Community Foundation: A community foundation is a tax-exempt, nonprofit, autonomous, publicly supported, philanthropic institution composed primarily of permanent funds established by many separate donors of the long-term diverse, charitable benefit of the residents of a defined geographic area. Typically, a community foundation serves an area no larger than a state. Community foundations provide an array of services to donors who wish to establish endowed funds without incurring the administrative and legal costs of starting independent foundations. There are more than 500 community foundations across the United States today. The Cleveland Foundation is the oldest; the New York Community Trust is the largest.
Corporate Foundation: A corporate (company-sponsored) foundation is a private foundation that derives its grantmaking funds primarily from the contributions of a profit-making business. The company-sponsored foundation often maintains close ties with the donor company, but it is a separate, legal organization, sometimes with its own endowment, and is subject to the same rules and regulations as other private foundations. There are more than 2,000 corporate foundations in the United States holding some $11 billion in assets. (See Corporate Giving Program.)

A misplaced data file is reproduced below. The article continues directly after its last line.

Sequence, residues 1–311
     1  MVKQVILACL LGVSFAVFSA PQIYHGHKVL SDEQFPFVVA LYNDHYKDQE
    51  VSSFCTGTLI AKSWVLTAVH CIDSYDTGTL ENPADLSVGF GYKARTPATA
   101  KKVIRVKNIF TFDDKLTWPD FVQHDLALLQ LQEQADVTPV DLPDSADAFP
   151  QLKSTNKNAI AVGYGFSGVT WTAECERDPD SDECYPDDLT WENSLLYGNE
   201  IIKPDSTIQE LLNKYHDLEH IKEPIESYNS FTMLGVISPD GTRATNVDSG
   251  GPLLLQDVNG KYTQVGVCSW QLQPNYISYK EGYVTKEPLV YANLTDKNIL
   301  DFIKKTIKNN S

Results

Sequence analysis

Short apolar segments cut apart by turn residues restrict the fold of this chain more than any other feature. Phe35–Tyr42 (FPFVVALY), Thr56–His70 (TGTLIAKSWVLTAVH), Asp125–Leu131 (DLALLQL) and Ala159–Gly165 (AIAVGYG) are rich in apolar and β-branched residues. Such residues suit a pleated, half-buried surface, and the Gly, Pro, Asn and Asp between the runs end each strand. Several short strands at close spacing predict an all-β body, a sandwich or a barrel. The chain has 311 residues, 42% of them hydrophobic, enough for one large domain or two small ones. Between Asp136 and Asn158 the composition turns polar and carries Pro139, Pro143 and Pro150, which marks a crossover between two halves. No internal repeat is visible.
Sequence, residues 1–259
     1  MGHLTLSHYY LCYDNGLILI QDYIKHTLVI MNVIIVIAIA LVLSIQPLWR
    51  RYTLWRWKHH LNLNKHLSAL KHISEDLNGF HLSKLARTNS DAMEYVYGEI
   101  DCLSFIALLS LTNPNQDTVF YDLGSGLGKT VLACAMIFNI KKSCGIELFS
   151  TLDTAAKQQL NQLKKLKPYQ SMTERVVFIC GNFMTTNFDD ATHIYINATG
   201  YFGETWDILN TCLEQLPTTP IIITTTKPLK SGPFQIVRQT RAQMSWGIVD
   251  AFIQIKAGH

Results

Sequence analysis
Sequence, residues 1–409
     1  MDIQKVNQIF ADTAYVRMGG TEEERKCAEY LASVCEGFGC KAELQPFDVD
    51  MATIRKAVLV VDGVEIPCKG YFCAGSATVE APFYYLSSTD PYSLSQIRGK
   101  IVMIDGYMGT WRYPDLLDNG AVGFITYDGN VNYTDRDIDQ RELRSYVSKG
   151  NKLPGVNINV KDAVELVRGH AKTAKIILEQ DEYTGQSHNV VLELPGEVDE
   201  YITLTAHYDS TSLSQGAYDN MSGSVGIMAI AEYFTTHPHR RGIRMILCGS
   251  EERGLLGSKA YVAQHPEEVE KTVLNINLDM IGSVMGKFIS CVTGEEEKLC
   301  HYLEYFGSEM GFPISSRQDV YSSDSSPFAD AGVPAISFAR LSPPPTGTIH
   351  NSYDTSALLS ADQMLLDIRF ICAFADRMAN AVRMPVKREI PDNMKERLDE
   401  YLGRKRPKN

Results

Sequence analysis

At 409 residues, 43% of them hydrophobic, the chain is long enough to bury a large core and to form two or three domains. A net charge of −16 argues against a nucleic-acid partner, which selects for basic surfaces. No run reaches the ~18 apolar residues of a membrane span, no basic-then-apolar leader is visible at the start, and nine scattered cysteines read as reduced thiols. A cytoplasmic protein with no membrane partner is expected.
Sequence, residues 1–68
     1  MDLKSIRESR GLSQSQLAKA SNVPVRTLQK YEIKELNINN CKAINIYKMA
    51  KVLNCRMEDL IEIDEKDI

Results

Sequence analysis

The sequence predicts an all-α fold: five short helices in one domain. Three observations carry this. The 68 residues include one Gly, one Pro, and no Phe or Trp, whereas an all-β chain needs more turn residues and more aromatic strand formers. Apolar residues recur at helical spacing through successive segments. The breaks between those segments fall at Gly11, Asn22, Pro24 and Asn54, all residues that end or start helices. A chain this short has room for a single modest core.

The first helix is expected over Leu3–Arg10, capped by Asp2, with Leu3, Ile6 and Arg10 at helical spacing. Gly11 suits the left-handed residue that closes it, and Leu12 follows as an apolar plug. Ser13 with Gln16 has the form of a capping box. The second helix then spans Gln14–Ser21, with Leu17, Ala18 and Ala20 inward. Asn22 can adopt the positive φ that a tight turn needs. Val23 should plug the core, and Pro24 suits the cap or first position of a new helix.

Corporate Giving Program: A corporate giving (direct giving) program is a grantmaking program established and administered within a profit-making company. Gifts or grants go directly to charitable organizations from the corporation. Corporate foundations/giving programs do not have a separate endowment; their expense is planned as part of the company's annual budgeting process and usually is funded with pre-tax income. The Foundation Center has identified more than 700 corporate foundations/giving programs in the United States; however, it is believed that several thousand are in operation.
Decline: Also referred to as Denial, a decline is the refusal or rejection of a grant request. Some declination letters explain why the grant was not made, but many do not.
Designated Funds: A type of restricted fund in which the fund beneficiaries are specified by the grantors.